Did you know, that our Sages didn't institute the festival of Purim immediately after the miracle of Purim occurred! They waited a year. Why would they wait a year and not institute it immediately? The first halacha in the Shulchan Aruch, the code of Jewish law, says that you should try to jump out of bed in the morning like a lion! We're supposed to be active and eager in our service of Hashem. So why wait a year?

The reason can be found in our understanding of the Jewish festivals. Our festivals are not just memorial days of historic events. Pesach is not our version of Australia Day. Each festival that we celebrate is a spiritual event, that occurred not only at the time of the original event that we are commemorating, but occurs every year at that same time. For example, Purim was a time that Hashem intervened and saved us, but there are specfic lessons that we should learn from the story of Purim, and specific ideas that are linked to it. The Sage s realised that it was a great miracle the second we were saved from Haman, but that didn't mean it was supposed to be a festival. To see that, they had to wait until the exact same time in the following year, to see if they could detect the same spiritual energy that had been present a year earlier. If so, then Purim should be a festival, where every year, at that time, we don't remember the miracle that was - we relive it.

Every chag (festival) in the Jewish calender follows the same principle.

So when we turn to Pesach, which is just a few days away, the question isn't just: What can we learn from what happened when we left Mitzrayim? The question is: What is going to happen tomorrow? This explains the Rambam, and in fact the haggada itself, who says that on the night of the seder, every single person has the obligation to view themselves as if they themselves are leaving mitzrayim. That's why we recline while we drink our four cups of wine, and even get the person sitting next to us to pour them for us instead of pouring them ourselves - we are trying to make ourselves feel what is actually occuring as we sit there......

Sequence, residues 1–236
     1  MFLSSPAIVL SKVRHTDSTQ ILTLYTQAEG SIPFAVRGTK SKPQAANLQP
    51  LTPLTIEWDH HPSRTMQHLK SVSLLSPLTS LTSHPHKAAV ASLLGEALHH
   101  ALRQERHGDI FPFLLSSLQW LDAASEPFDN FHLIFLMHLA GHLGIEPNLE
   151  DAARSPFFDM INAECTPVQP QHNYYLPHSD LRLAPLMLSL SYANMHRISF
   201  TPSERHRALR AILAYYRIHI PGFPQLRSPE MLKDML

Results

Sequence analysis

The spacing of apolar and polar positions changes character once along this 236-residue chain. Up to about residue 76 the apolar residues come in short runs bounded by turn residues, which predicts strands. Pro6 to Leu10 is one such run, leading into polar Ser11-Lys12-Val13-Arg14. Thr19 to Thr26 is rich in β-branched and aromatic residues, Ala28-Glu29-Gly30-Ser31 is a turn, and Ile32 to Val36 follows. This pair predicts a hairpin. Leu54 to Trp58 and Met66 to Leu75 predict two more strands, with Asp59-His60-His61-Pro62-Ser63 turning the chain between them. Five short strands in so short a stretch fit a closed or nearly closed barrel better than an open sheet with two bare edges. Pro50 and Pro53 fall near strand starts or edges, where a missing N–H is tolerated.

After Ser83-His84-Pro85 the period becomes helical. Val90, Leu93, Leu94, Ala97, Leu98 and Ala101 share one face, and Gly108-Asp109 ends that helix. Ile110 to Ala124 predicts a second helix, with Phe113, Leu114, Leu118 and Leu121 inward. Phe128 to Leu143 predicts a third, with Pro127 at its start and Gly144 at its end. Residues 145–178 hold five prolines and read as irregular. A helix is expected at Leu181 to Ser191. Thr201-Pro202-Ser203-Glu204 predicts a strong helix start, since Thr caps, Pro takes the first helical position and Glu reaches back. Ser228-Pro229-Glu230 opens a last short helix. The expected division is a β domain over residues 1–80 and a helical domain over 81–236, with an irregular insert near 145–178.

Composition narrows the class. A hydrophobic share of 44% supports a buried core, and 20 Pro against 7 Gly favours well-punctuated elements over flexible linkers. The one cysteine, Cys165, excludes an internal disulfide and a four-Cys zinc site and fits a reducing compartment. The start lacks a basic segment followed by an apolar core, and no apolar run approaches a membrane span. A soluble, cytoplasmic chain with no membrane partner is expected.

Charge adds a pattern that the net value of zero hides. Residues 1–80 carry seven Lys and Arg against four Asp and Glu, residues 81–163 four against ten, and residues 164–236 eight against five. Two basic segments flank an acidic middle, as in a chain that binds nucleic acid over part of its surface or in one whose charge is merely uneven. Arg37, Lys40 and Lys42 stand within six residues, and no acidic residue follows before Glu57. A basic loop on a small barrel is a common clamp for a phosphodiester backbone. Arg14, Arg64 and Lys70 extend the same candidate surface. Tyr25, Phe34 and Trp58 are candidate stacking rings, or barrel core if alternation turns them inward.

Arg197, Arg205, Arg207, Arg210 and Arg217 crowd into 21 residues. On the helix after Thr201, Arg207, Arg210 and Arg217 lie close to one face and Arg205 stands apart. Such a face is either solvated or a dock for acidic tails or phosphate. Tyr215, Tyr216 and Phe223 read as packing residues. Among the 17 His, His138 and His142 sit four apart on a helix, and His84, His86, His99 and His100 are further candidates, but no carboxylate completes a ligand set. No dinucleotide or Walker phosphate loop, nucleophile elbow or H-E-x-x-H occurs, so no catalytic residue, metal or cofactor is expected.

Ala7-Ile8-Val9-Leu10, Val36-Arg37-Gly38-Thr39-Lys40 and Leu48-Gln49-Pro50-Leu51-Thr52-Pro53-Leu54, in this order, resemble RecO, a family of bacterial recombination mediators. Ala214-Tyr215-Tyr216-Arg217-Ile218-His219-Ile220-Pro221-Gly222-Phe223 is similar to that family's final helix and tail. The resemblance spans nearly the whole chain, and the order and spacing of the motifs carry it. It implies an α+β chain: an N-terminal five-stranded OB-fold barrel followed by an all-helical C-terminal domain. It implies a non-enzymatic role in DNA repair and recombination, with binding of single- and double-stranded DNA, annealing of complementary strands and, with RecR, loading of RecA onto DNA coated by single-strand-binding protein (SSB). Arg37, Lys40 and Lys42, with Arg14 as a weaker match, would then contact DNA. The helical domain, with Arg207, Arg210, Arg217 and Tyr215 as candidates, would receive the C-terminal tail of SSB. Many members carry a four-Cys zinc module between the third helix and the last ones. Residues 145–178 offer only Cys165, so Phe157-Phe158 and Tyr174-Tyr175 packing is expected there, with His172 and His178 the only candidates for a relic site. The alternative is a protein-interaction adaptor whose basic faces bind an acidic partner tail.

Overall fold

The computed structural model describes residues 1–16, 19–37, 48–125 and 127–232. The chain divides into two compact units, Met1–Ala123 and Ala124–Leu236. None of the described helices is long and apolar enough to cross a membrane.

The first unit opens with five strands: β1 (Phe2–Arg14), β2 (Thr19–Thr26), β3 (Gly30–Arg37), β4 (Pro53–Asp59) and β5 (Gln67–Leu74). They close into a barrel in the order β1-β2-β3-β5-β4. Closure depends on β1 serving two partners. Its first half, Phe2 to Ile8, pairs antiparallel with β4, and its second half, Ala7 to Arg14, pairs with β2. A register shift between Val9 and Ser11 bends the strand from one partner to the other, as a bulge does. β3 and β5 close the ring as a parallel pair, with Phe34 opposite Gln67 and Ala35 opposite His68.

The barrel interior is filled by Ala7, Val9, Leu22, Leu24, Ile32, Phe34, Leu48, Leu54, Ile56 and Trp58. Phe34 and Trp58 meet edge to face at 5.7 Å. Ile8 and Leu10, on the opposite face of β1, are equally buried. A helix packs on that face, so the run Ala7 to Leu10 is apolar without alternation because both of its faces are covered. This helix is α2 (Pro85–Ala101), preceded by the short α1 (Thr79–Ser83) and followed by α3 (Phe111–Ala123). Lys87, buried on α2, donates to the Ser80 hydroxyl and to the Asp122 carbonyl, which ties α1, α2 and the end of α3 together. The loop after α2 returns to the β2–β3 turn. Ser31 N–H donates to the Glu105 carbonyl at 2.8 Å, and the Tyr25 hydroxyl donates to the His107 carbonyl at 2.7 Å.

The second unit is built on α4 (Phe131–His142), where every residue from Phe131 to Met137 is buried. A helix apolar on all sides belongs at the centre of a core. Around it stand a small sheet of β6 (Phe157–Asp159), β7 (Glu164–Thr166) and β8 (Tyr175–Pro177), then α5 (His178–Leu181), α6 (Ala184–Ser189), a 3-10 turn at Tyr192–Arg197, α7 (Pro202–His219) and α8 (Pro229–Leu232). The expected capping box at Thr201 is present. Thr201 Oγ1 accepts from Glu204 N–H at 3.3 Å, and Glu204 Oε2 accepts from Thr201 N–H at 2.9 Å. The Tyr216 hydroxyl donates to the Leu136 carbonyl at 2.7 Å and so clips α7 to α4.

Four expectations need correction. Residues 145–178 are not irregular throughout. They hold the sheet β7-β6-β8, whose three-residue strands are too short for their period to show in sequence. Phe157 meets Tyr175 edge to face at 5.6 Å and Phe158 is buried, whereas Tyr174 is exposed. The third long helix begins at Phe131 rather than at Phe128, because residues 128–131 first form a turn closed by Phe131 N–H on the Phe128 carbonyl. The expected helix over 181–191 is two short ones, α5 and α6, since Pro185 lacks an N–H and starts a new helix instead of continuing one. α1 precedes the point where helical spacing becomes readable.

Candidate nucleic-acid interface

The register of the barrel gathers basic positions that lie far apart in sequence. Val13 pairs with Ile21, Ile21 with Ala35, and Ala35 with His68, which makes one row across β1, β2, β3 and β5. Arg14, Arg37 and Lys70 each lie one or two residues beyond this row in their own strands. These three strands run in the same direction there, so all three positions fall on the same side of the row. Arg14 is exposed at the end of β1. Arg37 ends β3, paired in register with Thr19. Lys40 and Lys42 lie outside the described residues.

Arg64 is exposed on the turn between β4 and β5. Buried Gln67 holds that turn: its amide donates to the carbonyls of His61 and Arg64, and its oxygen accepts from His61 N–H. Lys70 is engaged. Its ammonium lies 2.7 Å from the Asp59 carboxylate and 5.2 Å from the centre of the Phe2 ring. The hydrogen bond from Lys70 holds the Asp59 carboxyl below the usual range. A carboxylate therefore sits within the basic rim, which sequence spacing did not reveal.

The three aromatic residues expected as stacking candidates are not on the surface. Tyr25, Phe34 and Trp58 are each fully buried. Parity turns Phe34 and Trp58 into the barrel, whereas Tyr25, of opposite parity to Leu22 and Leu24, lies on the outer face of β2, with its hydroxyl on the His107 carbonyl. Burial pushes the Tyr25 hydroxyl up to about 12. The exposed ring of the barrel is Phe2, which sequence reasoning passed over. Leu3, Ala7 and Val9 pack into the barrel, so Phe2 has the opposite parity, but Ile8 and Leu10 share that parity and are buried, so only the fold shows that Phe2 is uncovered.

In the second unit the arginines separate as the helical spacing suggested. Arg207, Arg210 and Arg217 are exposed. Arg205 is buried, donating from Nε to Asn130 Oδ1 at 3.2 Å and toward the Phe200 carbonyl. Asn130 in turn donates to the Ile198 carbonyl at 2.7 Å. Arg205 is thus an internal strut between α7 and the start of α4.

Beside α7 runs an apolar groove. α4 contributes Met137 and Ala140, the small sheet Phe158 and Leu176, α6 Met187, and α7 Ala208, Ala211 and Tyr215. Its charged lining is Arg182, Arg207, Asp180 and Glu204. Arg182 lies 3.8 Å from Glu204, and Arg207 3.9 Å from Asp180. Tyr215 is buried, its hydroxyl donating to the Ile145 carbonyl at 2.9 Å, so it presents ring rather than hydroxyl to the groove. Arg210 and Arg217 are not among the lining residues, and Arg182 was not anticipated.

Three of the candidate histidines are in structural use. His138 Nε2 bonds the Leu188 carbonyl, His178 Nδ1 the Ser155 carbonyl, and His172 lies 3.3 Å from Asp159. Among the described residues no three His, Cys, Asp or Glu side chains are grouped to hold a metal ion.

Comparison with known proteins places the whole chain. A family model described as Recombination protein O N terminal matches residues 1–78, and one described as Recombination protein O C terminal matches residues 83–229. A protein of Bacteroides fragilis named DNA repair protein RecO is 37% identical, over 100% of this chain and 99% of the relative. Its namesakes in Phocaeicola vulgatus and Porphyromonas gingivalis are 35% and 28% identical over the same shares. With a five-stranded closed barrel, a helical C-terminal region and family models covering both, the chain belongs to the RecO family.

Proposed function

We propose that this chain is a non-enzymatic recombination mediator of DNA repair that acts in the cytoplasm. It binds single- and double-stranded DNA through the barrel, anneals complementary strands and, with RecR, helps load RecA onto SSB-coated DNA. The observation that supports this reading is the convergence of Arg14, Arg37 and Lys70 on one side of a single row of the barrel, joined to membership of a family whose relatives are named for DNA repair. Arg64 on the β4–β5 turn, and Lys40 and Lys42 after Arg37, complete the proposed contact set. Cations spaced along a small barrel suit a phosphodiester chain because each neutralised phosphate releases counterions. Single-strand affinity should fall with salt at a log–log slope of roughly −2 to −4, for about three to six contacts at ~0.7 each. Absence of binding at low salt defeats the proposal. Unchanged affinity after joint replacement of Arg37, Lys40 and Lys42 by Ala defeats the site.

But what is occurring as we sit there?

The simple answer is that we are becoming free people. We are going out of slavery and into freedom, and that's why we lean to the side as we drink our cups of wine and get someone else to pour for us - because we are free! But I find that hard to stomach. How free were the Jews who were having their seder in the ghettos of Europe? Not very. So what does it mean that we went out of slavery and into freedom? What does it mean that tonight I am going out of slavery and into freedom?

When reading the story of the Exodus in the Torah, there is a point, just after Moshe has told Pharaoh that there is going to be the Plague of the Firstborn, but before it has actually occurred, that is really the switching point between slavery and redemption. Everything has just been locked into place, and the Jewish people are now to start preparing to leave. It is at this point that we are given the first mitzva of the Torah:

"This month shall be for you the beginning of the months, it shall be for you the first of the months of the year." (Shmot 12:2)

This is the mitzva of the lunar calender that we keep, of which the first month of the year is Nissan, the month of Pesach, the month that we are in now. Why is this mitzva given now?! What does it have to do with our exodus from Egypt? And why does it merit to be the first mitzva of the Torah?!

The Ramban explains that when Hashem gave us this calender, He invented a new type of "Time" and gave it to the Jewish people. Let me explain.